As most of Chicago was just preparing for work this morning, the Chicago Bears were finishing up the rookie contract for sixth-round pick J.T. Thomas. The former-West Virginia linebacker signed a four-year deal for an undisclosed amount. Shortly thereafter, Cliff Stein, the club's lead contract negotiator, came to undisclosed terms on a four-year deal with fifth-round selection Nathan Enderle.
Enderle was a four-year starter at quarterback for Idaho, finishing as the school's all-time leader in attempts (1,427), ranking second in school annals in completions (779), third in passing yards (10,084), and fourth in TD passes (81) and total offense yards (9,935) in 45 games.
The 6-4, 240-pounder has the type of frame and arm strength coordinator Mike Martz looks for in his signal callers. He personally scouted Enderle before the draft and liked what he saw.
QB Nathan Enderle
Rob Christy/US Presswire
"Martz went out and worked him out this year and really kind of fell for the kid in terms of the intangibles that he brings. Obviously, the size and obviously, the arm strength," said Tim Ruskell, Chicago's director of player personnel. "Coach Martz had a real strong conviction on him and we agreed with the traits that he saw."
As a starter, Enderle's teams lost more than they won and his 55-percent completion percentage his senior season also raises some red flags.
"I thought [his completion percentage] was better the year before. I felt like he had more people around him. He had a tight end and a receiver to throw to that were of pretty good caliber. His offensive line was a little bit better," Ruskell said. "You would love that [percentage] be in the 60s or better. But we think he has the potential to be that kind of a quarterback."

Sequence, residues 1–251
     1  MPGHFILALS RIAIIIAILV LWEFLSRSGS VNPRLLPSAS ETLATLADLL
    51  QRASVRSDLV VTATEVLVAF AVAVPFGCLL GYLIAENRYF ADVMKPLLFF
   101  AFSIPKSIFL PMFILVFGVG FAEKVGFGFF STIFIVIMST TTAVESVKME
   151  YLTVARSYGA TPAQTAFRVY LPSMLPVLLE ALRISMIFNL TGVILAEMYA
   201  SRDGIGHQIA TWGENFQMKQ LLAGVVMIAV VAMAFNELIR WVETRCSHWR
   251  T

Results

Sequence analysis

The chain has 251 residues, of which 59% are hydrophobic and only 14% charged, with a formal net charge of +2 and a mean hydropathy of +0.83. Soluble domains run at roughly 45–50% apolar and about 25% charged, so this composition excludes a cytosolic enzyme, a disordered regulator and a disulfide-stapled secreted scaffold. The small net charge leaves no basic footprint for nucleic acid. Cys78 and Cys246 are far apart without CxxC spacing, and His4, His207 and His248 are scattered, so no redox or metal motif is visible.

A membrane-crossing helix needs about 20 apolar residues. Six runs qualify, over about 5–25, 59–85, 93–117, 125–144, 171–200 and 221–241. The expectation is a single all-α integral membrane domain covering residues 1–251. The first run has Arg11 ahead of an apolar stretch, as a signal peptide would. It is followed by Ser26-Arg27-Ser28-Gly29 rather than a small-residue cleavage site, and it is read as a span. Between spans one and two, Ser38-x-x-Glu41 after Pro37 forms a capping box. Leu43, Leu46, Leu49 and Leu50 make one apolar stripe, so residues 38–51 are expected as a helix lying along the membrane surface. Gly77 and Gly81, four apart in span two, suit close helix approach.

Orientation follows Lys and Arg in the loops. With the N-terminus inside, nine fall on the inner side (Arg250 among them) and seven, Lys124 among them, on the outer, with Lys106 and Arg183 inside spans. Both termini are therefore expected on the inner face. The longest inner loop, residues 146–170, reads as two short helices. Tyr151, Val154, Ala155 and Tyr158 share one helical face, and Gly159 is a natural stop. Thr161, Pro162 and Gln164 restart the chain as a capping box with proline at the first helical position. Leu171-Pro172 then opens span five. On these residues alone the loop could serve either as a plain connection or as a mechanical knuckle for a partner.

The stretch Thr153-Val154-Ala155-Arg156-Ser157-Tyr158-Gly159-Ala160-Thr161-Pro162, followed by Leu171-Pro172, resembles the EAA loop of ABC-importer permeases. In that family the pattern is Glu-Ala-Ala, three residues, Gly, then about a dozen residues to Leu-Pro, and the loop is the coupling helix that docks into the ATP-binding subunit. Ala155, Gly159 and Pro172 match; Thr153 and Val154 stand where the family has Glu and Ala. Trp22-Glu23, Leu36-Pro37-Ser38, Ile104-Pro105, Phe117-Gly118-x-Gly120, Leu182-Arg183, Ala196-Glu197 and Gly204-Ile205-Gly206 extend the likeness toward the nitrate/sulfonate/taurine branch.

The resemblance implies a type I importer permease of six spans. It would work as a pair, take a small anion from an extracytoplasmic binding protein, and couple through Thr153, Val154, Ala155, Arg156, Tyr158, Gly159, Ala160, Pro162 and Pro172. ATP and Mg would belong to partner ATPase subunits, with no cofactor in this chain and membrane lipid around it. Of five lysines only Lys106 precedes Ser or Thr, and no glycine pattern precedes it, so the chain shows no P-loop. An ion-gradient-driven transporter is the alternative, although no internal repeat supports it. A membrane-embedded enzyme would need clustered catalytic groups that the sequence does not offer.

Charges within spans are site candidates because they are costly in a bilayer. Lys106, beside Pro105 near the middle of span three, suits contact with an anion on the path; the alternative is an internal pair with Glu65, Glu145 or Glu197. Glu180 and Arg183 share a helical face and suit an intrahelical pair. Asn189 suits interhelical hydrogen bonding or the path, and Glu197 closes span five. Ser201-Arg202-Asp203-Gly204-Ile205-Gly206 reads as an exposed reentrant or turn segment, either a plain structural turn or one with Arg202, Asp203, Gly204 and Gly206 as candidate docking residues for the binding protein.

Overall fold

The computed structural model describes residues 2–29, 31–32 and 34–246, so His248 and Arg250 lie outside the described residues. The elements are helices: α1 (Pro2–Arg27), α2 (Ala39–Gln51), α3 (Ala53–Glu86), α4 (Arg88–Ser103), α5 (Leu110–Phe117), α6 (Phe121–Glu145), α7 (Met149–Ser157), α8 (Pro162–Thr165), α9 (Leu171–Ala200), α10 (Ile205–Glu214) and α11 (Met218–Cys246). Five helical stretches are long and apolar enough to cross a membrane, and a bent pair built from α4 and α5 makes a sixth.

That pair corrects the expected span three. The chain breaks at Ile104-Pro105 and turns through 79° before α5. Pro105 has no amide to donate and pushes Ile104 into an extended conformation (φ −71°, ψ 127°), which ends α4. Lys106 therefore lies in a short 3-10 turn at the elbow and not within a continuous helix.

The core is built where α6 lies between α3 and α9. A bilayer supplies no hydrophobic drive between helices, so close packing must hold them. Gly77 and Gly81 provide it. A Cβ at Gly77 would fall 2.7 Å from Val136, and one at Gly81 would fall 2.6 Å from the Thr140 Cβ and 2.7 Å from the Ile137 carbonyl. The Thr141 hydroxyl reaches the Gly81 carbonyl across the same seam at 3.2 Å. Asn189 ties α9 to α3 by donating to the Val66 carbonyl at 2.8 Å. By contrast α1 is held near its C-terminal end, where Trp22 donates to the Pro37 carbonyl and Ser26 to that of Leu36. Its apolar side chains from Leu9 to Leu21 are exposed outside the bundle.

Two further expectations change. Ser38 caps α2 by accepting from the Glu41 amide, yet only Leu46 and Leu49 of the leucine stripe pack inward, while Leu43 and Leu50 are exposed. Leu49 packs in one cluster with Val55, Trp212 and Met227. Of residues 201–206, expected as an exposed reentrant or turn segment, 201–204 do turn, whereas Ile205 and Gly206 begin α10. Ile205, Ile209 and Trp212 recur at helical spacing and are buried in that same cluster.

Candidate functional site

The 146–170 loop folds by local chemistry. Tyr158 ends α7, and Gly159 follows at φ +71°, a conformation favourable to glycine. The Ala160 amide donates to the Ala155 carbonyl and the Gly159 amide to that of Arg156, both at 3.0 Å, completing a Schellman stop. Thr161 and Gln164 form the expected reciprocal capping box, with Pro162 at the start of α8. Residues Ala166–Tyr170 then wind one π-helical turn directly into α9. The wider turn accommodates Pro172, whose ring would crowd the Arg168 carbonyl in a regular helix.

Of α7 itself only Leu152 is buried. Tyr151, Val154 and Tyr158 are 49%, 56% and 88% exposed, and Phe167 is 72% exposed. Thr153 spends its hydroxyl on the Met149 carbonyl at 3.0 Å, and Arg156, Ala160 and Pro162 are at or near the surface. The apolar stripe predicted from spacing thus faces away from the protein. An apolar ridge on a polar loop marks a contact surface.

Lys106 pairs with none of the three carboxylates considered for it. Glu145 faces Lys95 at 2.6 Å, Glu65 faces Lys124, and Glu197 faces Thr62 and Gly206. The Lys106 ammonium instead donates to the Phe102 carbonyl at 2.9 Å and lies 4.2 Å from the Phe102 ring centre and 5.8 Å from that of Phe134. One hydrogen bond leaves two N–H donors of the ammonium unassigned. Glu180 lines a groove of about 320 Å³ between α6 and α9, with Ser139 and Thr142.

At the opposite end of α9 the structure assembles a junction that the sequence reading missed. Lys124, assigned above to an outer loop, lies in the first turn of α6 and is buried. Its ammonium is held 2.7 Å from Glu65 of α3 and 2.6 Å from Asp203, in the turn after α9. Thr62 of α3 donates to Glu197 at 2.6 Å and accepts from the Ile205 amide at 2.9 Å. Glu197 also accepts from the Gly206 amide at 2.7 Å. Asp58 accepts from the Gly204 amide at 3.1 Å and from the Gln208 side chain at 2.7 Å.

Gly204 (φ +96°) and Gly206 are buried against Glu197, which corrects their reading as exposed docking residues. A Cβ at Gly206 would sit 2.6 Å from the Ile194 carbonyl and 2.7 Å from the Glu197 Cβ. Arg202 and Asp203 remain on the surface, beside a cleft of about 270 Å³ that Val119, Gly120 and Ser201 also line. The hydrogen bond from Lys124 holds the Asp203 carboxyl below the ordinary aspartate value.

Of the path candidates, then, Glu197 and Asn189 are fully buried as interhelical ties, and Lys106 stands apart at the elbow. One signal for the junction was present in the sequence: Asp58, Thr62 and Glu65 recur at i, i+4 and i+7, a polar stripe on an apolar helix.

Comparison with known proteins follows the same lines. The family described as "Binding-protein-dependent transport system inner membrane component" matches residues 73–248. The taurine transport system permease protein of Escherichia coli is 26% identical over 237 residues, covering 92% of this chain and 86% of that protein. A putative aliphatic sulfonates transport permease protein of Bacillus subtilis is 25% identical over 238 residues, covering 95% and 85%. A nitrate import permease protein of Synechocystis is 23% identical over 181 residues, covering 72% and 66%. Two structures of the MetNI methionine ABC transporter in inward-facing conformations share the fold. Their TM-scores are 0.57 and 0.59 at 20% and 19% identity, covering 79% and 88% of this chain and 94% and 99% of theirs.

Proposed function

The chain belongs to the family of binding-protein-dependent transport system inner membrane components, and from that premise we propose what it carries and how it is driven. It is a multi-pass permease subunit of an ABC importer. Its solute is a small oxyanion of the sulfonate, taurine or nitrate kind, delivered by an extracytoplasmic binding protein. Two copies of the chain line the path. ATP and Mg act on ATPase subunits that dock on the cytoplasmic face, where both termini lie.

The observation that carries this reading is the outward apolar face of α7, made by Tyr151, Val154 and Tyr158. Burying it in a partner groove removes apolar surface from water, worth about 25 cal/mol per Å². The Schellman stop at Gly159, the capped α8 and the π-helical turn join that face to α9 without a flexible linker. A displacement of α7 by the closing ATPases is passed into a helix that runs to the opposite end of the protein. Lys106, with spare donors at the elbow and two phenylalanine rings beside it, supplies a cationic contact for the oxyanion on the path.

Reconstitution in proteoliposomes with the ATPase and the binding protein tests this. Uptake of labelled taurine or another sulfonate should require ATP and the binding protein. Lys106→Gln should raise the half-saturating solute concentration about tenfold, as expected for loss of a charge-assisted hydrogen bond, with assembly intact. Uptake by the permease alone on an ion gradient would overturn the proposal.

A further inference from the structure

The pick raised some additional eyebrows due to the team already having what most assumed was an already established No.2 in Caleb Hanie. The team will head into training camp with Hanie as the primary backup and Enderle as the No. 3. Yet news of the club's interest in former-Jets receiver Brad Smith adds a twist to this scenario.
Smith played receiver, running back and quarterback for New York, often out of the Wildcat. It's been rumored that if the Bears sign Smith, they may roster him in one of the now-mandatory, three-quarterback spots. In that way, they can insert a playmaker who can be used at multiple positions on offense, and who is also a prolific kick returner, all for the price of a roster spot that most likely would have gone unused. It's a smart strategy, considering each team now must carry three passers on the 53-man roster.
This could create some intense competition in training camp between Hanie and Enderle. Something to watch for with camp opening up this Saturday.
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Jeremy Stoltz is Publisher of BearReport.com and a member of the Pro Football Writers of America. To read him every day, visit BearReport.com and become a Chicago Bears insider.